In outdoorsy, friendly Seattle, you can explore 320 kilometres (200 miles) of fresh and saltwater shoreline. Go to the top of the Space Needle for a bird's-eye view of the city. Back on the ground, the surrounding Seattle Center neighbourhood is home to a wide range of theatres and museums. Near the Puget Sound waterfront you can visit the Pike Place Market, a bustling complex of produce stands, restaurants and boutiques. Also downtown you'll find the Seattle Aquarium and Waterfront Park. Alternatively, you can catch the Mariners or Seahawks in action. Spend an afternoon exploring the 19th-century architecture of Pioneer Square—which actually encompasses almost two dozen blocks—and Klondike Gold Rush National Historic Park.
For an unforgettable scenic drive, reserve at least two days to follow Highway 101 around the Olympic Peninsula, west of Seattle. The 447-kilometre (278-mile) loop takes you along the edge of Olympic National Park, with its snowy mountain peaks, as well as through coastal rainforest, past glittering lakes and along the wild Pacific coast. You can end your circuit in the pretty state capital of Olympia.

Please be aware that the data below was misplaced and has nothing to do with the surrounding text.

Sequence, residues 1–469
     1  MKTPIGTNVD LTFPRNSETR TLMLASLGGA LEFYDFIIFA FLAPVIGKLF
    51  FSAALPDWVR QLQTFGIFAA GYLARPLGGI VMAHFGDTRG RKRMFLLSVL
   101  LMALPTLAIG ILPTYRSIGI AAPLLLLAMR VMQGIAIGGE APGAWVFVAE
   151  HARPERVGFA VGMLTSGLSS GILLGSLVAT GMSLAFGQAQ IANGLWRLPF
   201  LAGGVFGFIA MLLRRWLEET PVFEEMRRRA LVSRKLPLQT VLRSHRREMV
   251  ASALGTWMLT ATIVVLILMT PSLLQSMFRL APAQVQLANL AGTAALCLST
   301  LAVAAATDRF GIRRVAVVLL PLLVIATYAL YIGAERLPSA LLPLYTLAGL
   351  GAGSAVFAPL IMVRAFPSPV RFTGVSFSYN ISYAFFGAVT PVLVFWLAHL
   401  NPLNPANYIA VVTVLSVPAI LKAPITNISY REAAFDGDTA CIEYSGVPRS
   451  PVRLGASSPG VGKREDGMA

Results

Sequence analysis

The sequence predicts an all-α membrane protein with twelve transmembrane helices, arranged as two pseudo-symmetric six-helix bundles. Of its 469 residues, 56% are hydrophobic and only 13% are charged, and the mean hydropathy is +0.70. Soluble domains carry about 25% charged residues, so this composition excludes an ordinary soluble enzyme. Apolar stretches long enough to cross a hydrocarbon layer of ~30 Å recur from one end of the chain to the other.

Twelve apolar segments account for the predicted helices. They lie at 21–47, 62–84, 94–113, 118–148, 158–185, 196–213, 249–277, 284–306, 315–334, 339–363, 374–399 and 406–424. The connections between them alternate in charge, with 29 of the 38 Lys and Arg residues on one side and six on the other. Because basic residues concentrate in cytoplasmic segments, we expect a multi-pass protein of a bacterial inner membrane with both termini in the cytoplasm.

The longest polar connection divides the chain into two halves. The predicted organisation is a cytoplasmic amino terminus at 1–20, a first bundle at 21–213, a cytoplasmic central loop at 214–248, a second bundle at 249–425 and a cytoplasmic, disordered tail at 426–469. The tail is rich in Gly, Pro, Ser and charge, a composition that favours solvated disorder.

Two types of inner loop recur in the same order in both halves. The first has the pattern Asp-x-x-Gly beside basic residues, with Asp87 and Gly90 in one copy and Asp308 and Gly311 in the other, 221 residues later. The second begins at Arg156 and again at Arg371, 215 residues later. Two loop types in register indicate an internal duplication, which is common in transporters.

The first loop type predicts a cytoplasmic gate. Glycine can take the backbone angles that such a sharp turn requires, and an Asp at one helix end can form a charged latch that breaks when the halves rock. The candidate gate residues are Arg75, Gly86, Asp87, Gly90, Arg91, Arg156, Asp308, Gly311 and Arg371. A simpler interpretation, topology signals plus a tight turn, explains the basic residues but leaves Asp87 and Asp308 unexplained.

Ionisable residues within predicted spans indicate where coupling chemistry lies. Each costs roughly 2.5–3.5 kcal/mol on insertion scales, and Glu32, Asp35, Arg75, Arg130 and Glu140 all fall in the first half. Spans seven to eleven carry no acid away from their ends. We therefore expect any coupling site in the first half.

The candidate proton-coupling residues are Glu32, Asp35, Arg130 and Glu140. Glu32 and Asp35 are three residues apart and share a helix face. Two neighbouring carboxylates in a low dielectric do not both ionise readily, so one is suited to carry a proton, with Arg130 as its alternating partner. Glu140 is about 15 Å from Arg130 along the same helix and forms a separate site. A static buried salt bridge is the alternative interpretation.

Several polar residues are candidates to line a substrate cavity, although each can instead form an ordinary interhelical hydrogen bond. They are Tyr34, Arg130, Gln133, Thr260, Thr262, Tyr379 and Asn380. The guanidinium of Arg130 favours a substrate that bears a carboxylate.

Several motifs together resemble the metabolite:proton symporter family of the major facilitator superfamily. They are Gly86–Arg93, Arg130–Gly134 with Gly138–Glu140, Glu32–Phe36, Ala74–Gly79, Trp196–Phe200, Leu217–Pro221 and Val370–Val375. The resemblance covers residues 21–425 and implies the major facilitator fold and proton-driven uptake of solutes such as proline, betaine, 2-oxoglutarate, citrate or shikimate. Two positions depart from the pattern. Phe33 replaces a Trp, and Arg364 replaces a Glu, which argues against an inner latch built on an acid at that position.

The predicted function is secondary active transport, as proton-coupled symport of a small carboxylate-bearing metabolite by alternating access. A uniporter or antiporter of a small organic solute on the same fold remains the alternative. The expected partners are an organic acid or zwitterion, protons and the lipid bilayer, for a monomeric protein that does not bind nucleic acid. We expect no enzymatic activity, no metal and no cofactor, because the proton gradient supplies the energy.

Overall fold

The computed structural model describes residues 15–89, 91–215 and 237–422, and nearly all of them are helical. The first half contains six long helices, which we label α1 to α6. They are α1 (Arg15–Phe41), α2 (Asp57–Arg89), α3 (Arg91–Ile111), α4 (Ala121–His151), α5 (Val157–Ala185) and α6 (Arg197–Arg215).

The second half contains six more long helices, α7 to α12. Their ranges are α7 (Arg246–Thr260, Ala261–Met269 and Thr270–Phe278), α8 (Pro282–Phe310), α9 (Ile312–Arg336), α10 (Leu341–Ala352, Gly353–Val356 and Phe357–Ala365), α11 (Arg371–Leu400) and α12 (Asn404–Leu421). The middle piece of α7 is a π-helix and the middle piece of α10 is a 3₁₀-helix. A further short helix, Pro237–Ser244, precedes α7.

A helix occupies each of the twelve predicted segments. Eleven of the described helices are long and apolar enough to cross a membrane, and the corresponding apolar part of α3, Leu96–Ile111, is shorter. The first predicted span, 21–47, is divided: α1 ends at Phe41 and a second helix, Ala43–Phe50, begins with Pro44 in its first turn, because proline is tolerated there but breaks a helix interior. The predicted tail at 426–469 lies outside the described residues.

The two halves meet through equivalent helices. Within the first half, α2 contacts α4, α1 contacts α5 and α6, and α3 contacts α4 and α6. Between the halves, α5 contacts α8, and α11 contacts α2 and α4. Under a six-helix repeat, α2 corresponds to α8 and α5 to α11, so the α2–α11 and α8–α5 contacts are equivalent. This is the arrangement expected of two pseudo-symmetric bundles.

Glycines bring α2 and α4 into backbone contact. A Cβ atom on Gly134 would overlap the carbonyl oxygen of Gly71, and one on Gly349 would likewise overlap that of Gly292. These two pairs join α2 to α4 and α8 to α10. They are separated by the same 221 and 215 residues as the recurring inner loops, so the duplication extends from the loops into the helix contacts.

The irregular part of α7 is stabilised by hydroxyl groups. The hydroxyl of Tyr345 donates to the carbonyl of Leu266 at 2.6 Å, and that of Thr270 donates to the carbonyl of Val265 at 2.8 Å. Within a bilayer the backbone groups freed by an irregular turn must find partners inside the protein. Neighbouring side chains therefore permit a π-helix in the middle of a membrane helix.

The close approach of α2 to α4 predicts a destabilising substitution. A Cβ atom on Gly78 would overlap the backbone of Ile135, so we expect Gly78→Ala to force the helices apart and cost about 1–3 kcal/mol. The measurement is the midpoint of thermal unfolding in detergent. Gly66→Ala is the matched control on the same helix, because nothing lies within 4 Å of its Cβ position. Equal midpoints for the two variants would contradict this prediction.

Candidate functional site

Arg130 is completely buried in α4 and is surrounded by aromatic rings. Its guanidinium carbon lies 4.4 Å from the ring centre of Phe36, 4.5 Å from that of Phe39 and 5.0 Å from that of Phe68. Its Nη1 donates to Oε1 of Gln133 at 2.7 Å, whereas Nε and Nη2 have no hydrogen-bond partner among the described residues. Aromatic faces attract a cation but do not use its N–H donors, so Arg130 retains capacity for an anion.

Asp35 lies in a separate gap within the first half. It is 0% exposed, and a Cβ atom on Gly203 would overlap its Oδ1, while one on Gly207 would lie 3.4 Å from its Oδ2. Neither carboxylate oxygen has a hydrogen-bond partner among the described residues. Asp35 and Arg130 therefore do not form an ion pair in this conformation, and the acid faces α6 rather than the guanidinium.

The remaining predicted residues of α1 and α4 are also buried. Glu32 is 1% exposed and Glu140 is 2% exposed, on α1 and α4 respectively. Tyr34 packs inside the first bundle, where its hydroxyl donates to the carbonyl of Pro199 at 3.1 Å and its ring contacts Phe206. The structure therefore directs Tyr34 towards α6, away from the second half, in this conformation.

If you like to camp, canoe, cycle, hike, raft, sail, ski or snowboard, you'll find no shortage of places in Washington to get out into nature. Kayak among the San Juan Islands, or go whitewater rafting on the Skagit River. Hike in three national parks, including the famous slopes of Mt. Rainier, where you can hunt for calypso orchids in the spring. Looking for something a bit different? Try llama trekking or paragliding.
Washington is America's second-largest producer of wine, after California. It boasts more than 450 wineries spread across nine winemaking regions: four in southern Washington, three in the Seattle and Puget Sound area, one in the north-central part of the state and one centered on Spokane. Many wineries offer tours and tastings.